Fan of 'FANS' and A Family Fannie

Getting in the groove of February blogging has been anything but 'groovy'.  After hearts, flowers and this years short calendar day count, everything else about February sort of faded away as far as my interest. 

When that happens, I start taking count of my collections.  This serves a dual purpose as I ponder how to work them into the 2016 AtoZ April Challenge and a post for February.  So, let's see where a small collection of 'Hand Held Fans' takes us.

The first 'Fan' in my collection is very special and came from far, far away VietNam.  I will save that fan photo and story for the AtoZ Challenge.  It has possibilities of fitting into several letters other than the Letter 'F'.  I'll be working on that idea and theme for what will be my 5th year to participate.

The origin of 'Hand Held Fans' can be traced back 4,000 years to Egypt where it was a sacred instrument of religious ceremonies and a symbol of power.  Other ancient civilizations used fans in various forms as scribed in Greek and Roman texts as well as the Bible.  The folding hand fan was a creation of the oriental country of Japan where it was thought to be modeled after the folding wings of a bat.  The folding hand held fan made it's way to Europe in the 1500s by way of trade routes and quickly became an exotic and stylish symbol of wealth and class.
In America, fans had a humble beginning, were a necessary utilitarian implement, and a way of life for women who made and mended them for a living.  Shaker fans were made from woven straw or paper and by the mid 1800's were a viable manufactured product.  Vintage fans are highly collectible in a multitude of categories from advertising to Victorian Needlework Embellished fans with mother of pearl inlaid blades.
As is my usual way of delving into a collection/topic...one thing leads to another.  In the case of  'Fan'...it lead to Fannie. 

The name Fannie means Free, and is often short for Francis.  People with this name have a deep inner desire for a stable, loving family.  Fannie fit that character trait to a 'T' as a wife for 70 years and mother of seven children.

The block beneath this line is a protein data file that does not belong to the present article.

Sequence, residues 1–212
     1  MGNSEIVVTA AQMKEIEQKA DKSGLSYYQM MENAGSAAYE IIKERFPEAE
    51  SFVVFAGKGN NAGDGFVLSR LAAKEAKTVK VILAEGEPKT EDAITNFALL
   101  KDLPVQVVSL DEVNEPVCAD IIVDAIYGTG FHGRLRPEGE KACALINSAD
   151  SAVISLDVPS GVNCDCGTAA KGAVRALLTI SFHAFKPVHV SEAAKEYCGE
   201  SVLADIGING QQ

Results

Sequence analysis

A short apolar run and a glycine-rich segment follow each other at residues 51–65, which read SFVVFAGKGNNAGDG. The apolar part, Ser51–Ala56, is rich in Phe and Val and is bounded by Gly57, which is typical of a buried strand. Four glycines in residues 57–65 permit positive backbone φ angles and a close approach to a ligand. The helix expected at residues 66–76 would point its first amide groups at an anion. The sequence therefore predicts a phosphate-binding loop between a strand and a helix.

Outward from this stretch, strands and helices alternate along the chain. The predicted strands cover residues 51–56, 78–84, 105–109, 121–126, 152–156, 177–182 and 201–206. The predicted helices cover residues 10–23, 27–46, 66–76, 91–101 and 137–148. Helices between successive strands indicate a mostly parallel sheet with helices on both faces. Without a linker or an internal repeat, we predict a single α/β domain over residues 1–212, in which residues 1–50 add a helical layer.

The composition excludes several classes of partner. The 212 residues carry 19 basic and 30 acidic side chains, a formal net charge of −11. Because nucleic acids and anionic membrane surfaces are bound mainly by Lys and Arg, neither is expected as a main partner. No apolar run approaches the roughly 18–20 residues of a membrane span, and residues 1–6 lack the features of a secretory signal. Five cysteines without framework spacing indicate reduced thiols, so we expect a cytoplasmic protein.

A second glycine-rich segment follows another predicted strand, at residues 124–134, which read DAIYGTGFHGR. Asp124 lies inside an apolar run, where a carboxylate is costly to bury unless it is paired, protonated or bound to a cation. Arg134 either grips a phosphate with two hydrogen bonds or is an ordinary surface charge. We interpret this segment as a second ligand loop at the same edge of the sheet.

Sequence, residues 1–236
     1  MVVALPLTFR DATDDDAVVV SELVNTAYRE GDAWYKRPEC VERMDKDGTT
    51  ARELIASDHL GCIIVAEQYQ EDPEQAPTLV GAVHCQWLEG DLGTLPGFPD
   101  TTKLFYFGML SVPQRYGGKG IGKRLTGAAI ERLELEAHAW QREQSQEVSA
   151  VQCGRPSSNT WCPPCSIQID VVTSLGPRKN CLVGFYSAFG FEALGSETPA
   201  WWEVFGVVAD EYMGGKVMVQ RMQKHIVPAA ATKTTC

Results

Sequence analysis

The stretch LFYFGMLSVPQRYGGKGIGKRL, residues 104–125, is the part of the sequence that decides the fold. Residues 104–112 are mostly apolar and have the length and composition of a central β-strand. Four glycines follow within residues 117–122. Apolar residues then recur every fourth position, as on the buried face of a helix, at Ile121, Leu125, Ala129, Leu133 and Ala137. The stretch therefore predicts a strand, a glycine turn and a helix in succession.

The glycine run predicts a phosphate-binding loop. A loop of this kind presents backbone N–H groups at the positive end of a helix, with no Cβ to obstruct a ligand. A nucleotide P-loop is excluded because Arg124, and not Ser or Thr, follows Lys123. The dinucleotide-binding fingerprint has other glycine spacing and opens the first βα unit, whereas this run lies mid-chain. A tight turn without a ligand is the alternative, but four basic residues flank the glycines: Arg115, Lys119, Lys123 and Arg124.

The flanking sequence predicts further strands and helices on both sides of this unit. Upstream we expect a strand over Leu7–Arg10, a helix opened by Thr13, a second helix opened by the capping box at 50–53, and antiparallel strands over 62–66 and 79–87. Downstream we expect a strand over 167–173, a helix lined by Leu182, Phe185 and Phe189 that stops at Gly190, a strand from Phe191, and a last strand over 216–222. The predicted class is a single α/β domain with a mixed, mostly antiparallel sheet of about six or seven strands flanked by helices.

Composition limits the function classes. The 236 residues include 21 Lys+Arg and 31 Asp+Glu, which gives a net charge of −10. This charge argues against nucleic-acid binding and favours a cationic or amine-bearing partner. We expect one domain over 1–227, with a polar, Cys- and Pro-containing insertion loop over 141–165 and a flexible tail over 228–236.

Fannie was my 1st cousin 2x removed.  Her father and my great grandfather were brothers who came to Texas together from Georgia.  She was born on April 1, 1878, in Arkansas and was raised in Texas.

Fannie was the fourth of six children...all girls with interesting Southern names...Texannah, Mary Jo,  Sallie Savannah, Susanna, and Ann Charlie.  The descendants of Fannie and her sisters are active members of Ancestry.com and have shared a wealth of our family history and many photos like this one of Fannie.  Fannie lived a long life of 89 years.  She died in May, 1967...8 months after her husband of 70 years.

Girls/women with the name Fannie tend to be orderly and dedicated to building their lives on a solid foundation of order and service.  They value truth, justice, and discipline.  I'd say my cousin Fannie certainly lived up to her name.
 I wonder if she had a collection of hand held fans.
I wonder if  this photo once had a handle!


  1. Hi Sue - that's good to know we'll get to the F for fans in April. They are so pretty .. Wonderful to have that original photo and fan - certainly looks like there was a handle once. I didn't know Fannie meant 'free' .. cheers and have a good weekend - Hilary

  2. I like the way you put this together. I have a few fans and a few years back when I was HOT all the time, I used them often!

  3. My Mom's name was Fannie! I will especially look forward to your A to Z post on fans. My Mom didn't collect them but I can remember a fan she bought me during a visit to Chinatown years ago. Alas, I no longer have it. Alana ramblinwitham.blogspot.com

  4. I love fans and had quite a few at one time. In fact, at my last tea party I made sure my guests left with a small fan in their goodie bags! I love the tohught you put into each post. Hugs, Anne


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